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HRN Original Blog:
The Kentucky Derby Post

Will We Know More After the FrontRunner Stakes?

If you could pick anywhere in the thoroughbred racing world to be this weekend Santa Anita has to be the choice. Talk about opening up the first weekend of the fall meet with a bang. The card on Super Saturday alone includes four Breeders’ Cup Series Qualifier races. Fall has arrived, we’re just over 30 days out and it’s time for things to begin heating up.

 

While there is a lot to talk about, there is only one race that I am interested in the most. The 1 1/16-mile FrontRunner, formerly known as the Norfolk Stakes, is the seventh race on the card and is scheduled for 4:07 pm PDT. The race has always been an important prep for the Breeders’ Cup Juvenile. So significant, it is almost guaranteed to remain a Breeders’ Cup Challenge race for many more years to come. But not only does a win in the FrontRunner Stakes now earn you an automatic qualification into the Juvenile, it is now a stakes race that awards qualification points for the Kentucky Derby. Those points are minimal (10-4-2-1) but the road has to begin somewhere and so it does. Buckle up, this train is moving.
 
 
We begin with the horse that everyone is talking about. Know More is an unusual talent. Yes, he is the only the Graded Stakes winner in the field but a résumé like his is almost unheard of. 2-yr-olds can be very immature sometimes. Other times they can be full of energy and very surprising when they make strides much sooner than anticipated. Despite rapid gains, most every 2-yr-old still needs a race or two before they are ready to dip their hooves into the Graded Stakes waters. Know More on the other hand, he did not.
 
 
On August 5 at Del Mar Know More began his racing career in the G2 Best Pal Stakes (6½F). The only thing Know More had going for him in the racing form that day was his connections. Son of Lion Heart (that 2nd place in the '04 Derby still hurts) the 2-yr-old colt is owned by Paul Reddam and Trained by Doug O’Neil, the winning tag team of I’ll Have Another. Sure the silks looked familiar to the betting public but it was hard to disregard that he had never raced.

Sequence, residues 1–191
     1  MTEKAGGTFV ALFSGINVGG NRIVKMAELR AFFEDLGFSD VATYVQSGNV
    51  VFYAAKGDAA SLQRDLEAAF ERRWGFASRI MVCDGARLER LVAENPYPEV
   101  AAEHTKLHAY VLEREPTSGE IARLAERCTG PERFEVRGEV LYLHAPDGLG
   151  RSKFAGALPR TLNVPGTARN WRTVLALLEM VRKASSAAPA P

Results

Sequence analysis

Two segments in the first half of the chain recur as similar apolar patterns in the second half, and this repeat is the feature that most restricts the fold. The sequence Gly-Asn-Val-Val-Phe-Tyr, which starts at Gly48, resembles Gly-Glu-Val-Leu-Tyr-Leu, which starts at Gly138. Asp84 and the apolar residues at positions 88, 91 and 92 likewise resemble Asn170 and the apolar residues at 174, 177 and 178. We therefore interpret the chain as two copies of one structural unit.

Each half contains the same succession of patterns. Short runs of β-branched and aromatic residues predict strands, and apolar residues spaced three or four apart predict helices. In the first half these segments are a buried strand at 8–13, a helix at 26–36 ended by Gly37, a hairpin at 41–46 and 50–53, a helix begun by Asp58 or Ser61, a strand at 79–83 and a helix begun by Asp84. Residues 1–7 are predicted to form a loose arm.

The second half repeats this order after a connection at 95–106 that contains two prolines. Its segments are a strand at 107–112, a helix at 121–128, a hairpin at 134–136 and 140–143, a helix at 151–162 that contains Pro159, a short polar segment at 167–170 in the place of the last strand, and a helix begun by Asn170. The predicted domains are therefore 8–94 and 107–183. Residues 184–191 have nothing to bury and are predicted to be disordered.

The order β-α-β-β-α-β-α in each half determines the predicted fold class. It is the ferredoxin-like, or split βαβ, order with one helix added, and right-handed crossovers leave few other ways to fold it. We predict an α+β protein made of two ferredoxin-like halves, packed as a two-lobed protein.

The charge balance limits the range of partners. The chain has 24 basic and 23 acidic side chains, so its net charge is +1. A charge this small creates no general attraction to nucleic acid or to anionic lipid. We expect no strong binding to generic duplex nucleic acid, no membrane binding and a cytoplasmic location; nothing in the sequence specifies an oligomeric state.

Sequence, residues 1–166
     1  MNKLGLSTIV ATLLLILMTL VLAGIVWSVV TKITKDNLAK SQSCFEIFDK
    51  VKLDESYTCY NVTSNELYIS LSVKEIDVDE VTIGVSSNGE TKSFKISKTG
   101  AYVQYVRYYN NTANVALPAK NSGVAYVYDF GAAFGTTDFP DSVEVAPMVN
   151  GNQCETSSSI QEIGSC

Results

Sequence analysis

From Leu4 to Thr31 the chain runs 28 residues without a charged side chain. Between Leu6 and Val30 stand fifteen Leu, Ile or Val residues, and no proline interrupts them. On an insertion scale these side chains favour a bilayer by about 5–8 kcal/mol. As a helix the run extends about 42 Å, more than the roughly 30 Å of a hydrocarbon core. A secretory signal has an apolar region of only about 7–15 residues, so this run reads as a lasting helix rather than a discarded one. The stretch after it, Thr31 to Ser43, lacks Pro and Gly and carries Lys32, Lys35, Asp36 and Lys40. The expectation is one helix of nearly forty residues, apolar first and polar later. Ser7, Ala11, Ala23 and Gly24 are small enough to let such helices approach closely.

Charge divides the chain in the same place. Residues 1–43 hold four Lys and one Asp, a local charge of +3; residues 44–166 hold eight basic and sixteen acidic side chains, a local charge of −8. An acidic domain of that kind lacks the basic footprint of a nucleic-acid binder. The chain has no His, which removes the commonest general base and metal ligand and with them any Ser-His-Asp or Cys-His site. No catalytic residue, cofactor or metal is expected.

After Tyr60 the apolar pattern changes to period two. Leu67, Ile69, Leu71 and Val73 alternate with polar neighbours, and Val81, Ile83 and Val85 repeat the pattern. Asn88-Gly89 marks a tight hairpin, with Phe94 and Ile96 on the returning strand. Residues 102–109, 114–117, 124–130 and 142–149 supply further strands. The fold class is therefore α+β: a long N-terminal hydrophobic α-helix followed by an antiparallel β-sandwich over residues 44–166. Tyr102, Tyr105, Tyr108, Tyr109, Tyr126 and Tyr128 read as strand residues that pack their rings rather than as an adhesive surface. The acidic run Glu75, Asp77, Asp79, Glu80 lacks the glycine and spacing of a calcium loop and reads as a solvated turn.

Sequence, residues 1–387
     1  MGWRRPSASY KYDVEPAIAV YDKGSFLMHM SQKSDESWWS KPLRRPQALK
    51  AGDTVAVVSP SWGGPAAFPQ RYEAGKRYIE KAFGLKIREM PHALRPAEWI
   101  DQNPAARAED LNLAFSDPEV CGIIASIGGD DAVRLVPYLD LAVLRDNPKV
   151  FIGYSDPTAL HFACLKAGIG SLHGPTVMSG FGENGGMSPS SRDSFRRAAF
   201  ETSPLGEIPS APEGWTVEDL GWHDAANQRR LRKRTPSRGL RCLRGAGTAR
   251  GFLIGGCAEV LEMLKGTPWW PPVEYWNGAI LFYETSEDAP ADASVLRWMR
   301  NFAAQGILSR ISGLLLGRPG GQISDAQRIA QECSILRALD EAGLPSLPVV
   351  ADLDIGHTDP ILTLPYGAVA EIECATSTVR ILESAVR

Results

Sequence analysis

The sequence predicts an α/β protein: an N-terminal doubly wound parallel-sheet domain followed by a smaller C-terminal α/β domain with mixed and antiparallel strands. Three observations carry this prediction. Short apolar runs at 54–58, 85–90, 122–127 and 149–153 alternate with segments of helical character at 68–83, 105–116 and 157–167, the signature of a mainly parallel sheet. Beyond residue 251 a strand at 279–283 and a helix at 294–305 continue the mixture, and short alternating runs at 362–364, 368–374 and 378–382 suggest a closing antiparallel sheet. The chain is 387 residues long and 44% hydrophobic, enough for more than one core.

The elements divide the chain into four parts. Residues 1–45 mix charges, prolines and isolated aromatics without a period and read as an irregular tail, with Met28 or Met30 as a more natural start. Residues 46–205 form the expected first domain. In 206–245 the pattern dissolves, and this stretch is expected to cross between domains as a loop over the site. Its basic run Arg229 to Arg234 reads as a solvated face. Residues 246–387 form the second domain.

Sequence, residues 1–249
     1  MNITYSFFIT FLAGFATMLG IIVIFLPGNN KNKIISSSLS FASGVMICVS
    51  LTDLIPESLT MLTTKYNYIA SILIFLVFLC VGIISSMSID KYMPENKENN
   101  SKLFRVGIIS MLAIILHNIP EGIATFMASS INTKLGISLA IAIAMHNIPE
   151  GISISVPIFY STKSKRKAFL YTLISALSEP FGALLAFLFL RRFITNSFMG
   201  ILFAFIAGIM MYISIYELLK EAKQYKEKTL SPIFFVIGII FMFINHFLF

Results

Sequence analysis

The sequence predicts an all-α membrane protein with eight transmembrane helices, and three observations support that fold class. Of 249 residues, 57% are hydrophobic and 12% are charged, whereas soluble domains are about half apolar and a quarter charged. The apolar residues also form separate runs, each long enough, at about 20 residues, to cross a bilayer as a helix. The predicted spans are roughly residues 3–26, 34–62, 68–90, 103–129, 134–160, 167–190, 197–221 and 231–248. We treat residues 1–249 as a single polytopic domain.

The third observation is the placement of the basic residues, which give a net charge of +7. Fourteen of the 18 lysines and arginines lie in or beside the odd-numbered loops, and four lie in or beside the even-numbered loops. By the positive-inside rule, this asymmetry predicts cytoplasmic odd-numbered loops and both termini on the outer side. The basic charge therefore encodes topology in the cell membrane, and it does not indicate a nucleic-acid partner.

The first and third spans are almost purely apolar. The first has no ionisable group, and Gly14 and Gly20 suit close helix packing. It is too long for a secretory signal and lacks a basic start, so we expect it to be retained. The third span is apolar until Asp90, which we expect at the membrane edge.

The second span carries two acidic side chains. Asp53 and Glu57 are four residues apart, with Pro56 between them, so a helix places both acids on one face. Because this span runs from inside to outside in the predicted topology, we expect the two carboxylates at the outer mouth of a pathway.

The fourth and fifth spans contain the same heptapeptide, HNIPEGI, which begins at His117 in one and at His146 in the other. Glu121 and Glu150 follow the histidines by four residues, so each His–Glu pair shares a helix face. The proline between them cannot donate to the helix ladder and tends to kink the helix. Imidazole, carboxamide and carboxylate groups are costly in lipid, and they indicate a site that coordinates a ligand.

I tip my cap to anyone that had him; $19.20 to win is a very comfortable payout. So the buzz began and he kept it going with a 2nd place finish to another highly regarded West Coast 2-yr-old, Rolling Fog. The G1 Del Mar Futurity (7F) pace set up nicely for Rolling Fog and he was just too tough for Know More to track down in the stretch.
 
 
This leads me to what I like the most about this young colt. In his two races Know More has shown the style of a two-turn horse. In both, Garrett Gomez placed him nicely just off the pace in close stalking position. Together it led to beautiful moves in the final turn and very nice finishes down the stretch.
 
 
Don’t expect to see anything different in the FrontRunner on Saturday. Know More has shown there should be fuel in the tank when Gomez calls on him. With a clean break from the gate and no trouble through the first turn, I expect him to be in prime position for another bold effort down the lane.
 
 
Following Know More to the FrontRunner after also racing in the Del Mar Futurity are Capo Bastone (4th), Gabriel Charles (6th) and The Whole Deal (8th). Breaking from the gate next to Know More is the second choice on the Morning Line, Capo Bastone. Victor Espinoza will be in the saddle for the first time for Trainer John Sadler. He has trained well over the dirt at Santa Anita twice this month – 5F 1:00.80; 6F 1:13.60 – so don’t expect the switch from the synthetics at Del Mar to be too much of a concern.
 
 
Like father like son? Gabriel Charles is the son of Street Hero, winner of the 2008 Norfolk Stakes. It’s a tall order to repeat his dad but don’t count him out without a good look. The Whole Deal on the other hand is really up against it. Unlike the other two this colt, son of Holy Bull, did not win in his MSW debut. In fact, he failed to finish in the top three again in his second attempt before the Del Mar Futurity. So here’s a horse that needs to show what his trainer knows that we don’t. Finishing three times without hitting the board before this stakes race is not a good spot but that can change with a big jump on Saturday.
 
 
Watch out, Bob Baffert is here! Rolling Fog was given a 60 day recovery by Baffert after his win in the Del Mar Futurity due to bucked shins. But while his best 2-yr-old is on the side lines until late December it doesn’t mean that Baffert isn’t coming to play. In fact, he brought three others with him in attempt to extend his record 5 Wins in this stakes race.